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PhD Thesis - The University of Sydney

PhD Thesis - The University of Sydney

DECLARATIONI hereby

DECLARATIONI hereby declare that this submission is my own work and that, to the bestof my knowledge and belief, it contains no material previously publishedand written by another person nor material which to a substantial extent hasbeen accepted for the award of any other degree or diploma of theuniversity or another institute of higher learning, except where dueacknowledgement has been made in the text.VISHAL SINGH28 August 20092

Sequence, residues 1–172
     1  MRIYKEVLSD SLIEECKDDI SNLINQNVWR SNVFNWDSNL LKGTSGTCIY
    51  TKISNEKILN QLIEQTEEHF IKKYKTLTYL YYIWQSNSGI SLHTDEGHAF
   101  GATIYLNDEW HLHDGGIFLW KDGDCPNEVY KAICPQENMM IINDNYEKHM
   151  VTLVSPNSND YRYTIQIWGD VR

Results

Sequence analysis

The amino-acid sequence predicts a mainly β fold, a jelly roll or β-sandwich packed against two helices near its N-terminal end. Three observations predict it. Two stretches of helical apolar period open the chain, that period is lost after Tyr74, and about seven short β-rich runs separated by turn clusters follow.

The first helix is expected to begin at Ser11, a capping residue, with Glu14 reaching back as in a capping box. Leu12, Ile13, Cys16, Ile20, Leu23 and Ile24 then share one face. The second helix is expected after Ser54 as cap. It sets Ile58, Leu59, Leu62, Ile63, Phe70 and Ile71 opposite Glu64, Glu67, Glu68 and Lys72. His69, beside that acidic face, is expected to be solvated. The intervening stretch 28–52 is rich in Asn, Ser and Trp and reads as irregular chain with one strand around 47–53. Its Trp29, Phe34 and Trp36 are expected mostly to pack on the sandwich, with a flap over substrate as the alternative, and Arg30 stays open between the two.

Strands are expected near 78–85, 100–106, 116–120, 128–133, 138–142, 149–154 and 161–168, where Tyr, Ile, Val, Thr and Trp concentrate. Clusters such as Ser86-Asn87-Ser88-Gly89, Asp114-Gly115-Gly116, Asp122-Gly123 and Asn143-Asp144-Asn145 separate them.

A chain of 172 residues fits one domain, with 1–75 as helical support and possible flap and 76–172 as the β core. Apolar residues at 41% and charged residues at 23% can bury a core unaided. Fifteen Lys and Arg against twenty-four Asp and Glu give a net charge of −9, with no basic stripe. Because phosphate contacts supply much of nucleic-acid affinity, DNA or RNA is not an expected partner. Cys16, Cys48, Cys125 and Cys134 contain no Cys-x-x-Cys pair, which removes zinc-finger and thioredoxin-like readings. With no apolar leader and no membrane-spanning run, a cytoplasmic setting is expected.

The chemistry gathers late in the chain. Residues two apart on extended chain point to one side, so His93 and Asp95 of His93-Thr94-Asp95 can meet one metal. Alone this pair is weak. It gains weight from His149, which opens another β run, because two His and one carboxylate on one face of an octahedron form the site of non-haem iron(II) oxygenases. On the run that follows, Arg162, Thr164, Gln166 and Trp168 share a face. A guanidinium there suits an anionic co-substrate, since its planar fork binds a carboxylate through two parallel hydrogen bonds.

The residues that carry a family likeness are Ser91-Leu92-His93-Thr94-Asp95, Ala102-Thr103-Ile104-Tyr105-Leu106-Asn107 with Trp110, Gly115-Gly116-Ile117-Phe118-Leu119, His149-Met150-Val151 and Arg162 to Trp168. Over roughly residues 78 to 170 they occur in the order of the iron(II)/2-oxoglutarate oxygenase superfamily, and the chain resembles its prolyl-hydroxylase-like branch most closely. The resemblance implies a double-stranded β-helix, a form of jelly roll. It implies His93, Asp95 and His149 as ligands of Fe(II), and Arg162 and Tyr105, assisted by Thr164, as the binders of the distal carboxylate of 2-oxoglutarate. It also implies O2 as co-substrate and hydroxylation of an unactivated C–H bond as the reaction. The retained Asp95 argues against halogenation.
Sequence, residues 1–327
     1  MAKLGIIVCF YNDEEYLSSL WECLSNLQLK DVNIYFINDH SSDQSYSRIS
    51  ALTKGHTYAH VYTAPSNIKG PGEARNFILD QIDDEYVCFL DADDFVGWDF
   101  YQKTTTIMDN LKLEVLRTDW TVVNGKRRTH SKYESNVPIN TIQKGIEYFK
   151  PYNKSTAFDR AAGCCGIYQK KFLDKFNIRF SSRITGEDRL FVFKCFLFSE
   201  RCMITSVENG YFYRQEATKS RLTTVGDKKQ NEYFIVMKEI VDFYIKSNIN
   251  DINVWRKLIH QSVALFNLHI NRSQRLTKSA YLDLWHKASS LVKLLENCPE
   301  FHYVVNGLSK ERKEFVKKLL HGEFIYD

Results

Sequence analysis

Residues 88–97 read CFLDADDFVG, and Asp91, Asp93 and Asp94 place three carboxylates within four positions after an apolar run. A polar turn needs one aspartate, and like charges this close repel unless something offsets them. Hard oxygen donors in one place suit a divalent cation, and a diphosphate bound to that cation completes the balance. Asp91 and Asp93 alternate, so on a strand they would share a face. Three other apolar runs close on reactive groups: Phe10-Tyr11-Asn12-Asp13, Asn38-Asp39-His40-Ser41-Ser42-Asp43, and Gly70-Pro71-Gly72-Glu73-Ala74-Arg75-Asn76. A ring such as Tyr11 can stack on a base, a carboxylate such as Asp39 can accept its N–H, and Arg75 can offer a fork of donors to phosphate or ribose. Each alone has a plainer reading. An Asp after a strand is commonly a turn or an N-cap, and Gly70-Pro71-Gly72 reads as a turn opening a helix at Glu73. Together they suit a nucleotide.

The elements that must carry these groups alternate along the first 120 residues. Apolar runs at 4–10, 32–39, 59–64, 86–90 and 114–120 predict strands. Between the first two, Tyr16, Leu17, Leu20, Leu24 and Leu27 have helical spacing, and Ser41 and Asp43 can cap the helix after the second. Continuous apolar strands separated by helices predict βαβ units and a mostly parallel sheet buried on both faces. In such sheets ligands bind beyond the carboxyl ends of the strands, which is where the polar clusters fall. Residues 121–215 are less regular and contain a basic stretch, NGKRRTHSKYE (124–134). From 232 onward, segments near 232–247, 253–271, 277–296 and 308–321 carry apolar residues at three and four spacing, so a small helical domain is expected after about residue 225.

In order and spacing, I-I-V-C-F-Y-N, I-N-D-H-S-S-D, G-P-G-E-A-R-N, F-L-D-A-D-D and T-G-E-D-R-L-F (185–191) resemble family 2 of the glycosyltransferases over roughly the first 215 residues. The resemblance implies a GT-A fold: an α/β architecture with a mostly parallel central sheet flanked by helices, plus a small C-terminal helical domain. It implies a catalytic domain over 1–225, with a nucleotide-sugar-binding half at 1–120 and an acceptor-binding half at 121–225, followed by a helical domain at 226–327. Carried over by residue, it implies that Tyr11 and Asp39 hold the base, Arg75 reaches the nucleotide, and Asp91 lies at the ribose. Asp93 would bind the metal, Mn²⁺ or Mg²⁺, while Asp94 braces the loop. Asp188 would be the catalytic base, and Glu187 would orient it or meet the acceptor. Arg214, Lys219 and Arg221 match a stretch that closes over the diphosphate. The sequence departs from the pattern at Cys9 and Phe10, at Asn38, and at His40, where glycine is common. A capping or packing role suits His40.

AcknowledgementThis thesis has been an enriching experience. In the process of conducting my research, I have learntfrom my interactions with a number of people, and by observing the research activities of my peers andthe broader research community. In that sense, this research is as much a result of social learning as itis a product of a scholarly effort.I am particularly thankful to my supervisors, Dr. Andy Dong and Prof. John Gero for their constantsupport and guidance. By now, Andy seems to have a well-developed mental model of me, which heeffectively used to keep me on track, and shepherd me whenever I tended to deviate. His enthusiasm,guidance and insightful comments have been critical to my research. John has been instrumental inshaping my interest in agent-based modelling, and his passion for design research is contagious. I havehad a great time at The University of Sydney, developing friendships with many, especially Somwrita,Nick, Kaz, Ning, Jerry and Lucila. I am also thankful to Rob for his timely inputs on modelimplementation.Embarking on a PhD research by itself needs motivation and interest. In that respect, I am thankfulto my teachers at the Indian Institute of Science (IISc), especially Prof. Amaresh Chakrabarti, Prof. B.Gurumoorthy and Dr. Dibakar Sen. Their knowledge and humility inspired me through out my stay atIISc.I have been equally lucky to have an amazing family, which made me what I am. A fair bit of me isa reflection of my siblings, Pankaj and Niru, and their love and support has also contributed to thiswork in many ways. The years of my PhD candidature have also seen pleasant additions to my family,and Shantanu (my BIL) and Rukmini (my SIL) have also been a constant support. Gargi, my niece, istoo young to read this at the moment, but seeing her grow and demonstrate amazing learning skills hasbeen a lovely source of fun and excitement for the last year and a half. But above all, I can never begrateful enough to have the parents that I have. This thesis is a tribute to their years of efforts andsacrifices.3